The countdown to the switch to digital television is on, and if you're not ready, you could be left in the dark.
In exactly one month, on Tuesday, Feb. 17, all full-power broadcast television stations across the country will stop broadcasting on analog airwaves and begin broadcasting only in digital. The transition is one that's been in the making for more than a decade, when Congress passed the Telecommunications Act of 1996. According to the Federal Communications Commission, the government agency which regulates television broadcasts, the legislation began the transition process by distributing an additional broadcast channels to television stations to simultaneously broadcast on both analog and digital frequencies. This year's Feb. 17 deadline was assigned to ensure the transition would be complete by that time.
The change was called for by Congress in order to free up analog frequencies for use by public safety officials such as police, fire and emergency rescue personnel. The FCC claims the benefit to television viewers will be "improved picture and sound quality and additional channels."
In order for televisions to receive the digital channels, there are a few options. Those who utilize antennas to on a television set with an analog tuner must either subscribe to cable, satellite or other pay television service; upgrade to a television with a digital tuner or purchase a digital-to-analog converter box, which converts digital signals for viewing on an analog television.
The National Telecommunications and Information Administration has been offering coupons to cover the cost of converter boxes since January 2008. Since that time, 25 million people have requested coupons through the program, with 18.8 million already having been redeemed. Overall, the NTIA is able to distribute coupons for 33.5 million converter boxes, although time is now running out.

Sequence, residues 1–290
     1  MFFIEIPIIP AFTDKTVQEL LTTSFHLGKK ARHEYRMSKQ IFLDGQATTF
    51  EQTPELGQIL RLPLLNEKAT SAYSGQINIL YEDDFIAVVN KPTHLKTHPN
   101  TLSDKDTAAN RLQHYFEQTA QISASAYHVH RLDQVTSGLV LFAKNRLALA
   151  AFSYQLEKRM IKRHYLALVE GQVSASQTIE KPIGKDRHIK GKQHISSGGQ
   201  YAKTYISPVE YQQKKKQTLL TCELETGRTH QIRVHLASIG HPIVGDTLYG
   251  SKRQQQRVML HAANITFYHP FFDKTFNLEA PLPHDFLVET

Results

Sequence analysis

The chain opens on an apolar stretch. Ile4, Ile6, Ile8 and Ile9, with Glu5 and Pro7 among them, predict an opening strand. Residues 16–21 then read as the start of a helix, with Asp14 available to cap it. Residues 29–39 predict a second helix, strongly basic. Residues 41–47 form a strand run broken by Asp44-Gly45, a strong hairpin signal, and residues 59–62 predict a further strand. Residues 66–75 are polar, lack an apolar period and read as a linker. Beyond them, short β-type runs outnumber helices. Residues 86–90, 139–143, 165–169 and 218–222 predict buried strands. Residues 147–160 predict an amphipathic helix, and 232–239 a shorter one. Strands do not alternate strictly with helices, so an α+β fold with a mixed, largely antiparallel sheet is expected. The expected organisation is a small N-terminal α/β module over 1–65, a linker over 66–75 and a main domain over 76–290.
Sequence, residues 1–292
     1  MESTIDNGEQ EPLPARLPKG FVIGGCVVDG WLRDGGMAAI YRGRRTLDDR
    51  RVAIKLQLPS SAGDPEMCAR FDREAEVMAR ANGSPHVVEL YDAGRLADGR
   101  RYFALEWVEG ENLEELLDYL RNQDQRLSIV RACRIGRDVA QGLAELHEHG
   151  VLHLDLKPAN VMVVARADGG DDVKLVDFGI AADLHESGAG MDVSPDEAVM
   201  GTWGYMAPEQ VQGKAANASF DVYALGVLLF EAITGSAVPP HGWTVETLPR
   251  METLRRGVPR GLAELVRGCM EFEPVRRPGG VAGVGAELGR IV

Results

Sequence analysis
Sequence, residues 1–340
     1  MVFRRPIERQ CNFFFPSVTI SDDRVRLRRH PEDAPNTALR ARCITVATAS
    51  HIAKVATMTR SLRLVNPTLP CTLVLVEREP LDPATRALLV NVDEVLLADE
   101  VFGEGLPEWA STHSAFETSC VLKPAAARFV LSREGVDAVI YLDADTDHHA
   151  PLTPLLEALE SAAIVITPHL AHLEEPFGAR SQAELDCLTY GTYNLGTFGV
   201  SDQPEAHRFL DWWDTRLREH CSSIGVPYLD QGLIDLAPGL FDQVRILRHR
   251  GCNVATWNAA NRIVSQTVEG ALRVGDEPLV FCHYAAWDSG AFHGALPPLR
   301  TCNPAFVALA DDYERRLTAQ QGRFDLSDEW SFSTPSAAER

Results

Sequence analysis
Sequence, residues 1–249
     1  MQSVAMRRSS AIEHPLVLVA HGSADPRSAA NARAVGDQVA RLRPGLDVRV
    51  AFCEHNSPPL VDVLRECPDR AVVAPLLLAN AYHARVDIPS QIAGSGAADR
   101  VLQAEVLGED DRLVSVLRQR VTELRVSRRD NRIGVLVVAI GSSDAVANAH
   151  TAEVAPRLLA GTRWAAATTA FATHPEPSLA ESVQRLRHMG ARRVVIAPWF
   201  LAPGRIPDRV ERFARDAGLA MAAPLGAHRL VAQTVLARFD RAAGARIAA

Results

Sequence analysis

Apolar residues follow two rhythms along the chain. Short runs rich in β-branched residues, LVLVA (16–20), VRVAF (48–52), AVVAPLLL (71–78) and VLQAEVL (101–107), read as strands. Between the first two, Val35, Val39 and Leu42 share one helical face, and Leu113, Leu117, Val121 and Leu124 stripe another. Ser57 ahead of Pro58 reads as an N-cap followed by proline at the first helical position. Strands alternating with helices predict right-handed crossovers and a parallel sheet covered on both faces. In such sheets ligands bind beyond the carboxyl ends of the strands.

Now, the likelihood of applying for, receiving and redeeming a coupon before Feb. 17 is "zip," said Forbes. As of Jan. 12, the waiting list to receive a converter box coupon contains approximately 1.7 million names.
"It changes day to day," said Forbes. "That's why we've been promoting for the last three months, that folks should apply by and try for their coupons by Dec. 31. "The whole process of applying for coupons, getting the coupons through the mail, finding a weekend to get your converter box then connecting it is about six weeks."
Those who have been procrastinating about making the switch or who claim to have been in the dark on the transition will likely need to pony up their own dough for the boxes, said Forbes, though they wouldn't necessarily have had to do so.
"They've not been listening to the messages that have been put out on the broadcasters' stations, that have been put out for about a year, a year and a half now," said Forbes. "If people wait until the last minute, they might not get a coupon and get their converter box from the store in time for the end of this 12-year-long transition."
"That's the result of putting it off, quite frankly," he added.
Requests for coupons through the NTIA are being accepted until March 31 and will be available until that date or as supplies last, said Forbes. Coupons expire 90 days from when they are mailed and are not to be used to reimburse previous purchases of converter boxes.
Though there has been discussion of extending the deadline of applying for coupons, unless there is additional funding allocated for the program, there is likely little good it would do, said Forbes.
"The problem is right now, we've hit the fund obligation limit set by Congress ... we can't mail out more coupons than for which we have funds obligated," said Forbes. "We're still redeeming coupons, we're still accepting requests, we're still mailing coupons. It's just because of that cap placed on us by Congress, we cannot mail out more."
Mary Diamond, a spokesperson for the FCC, said the change is coming regardless if people are ready or not.
"If you see rabbit ears on your television, you need to take action," said Diamond, referring to over-the-air antennas.
And, while some public promotion campaigns regarding the switch to digital television have been misleading, stating televisions "will stop working" on Feb. 17, Diamond said televisions will indeed continue to function, though will no longer be able to receive analog signals.
Televisions will still be able to be used for playing DVDs, video cassettes and game consoles.
For more information, visit www.dtv.gov.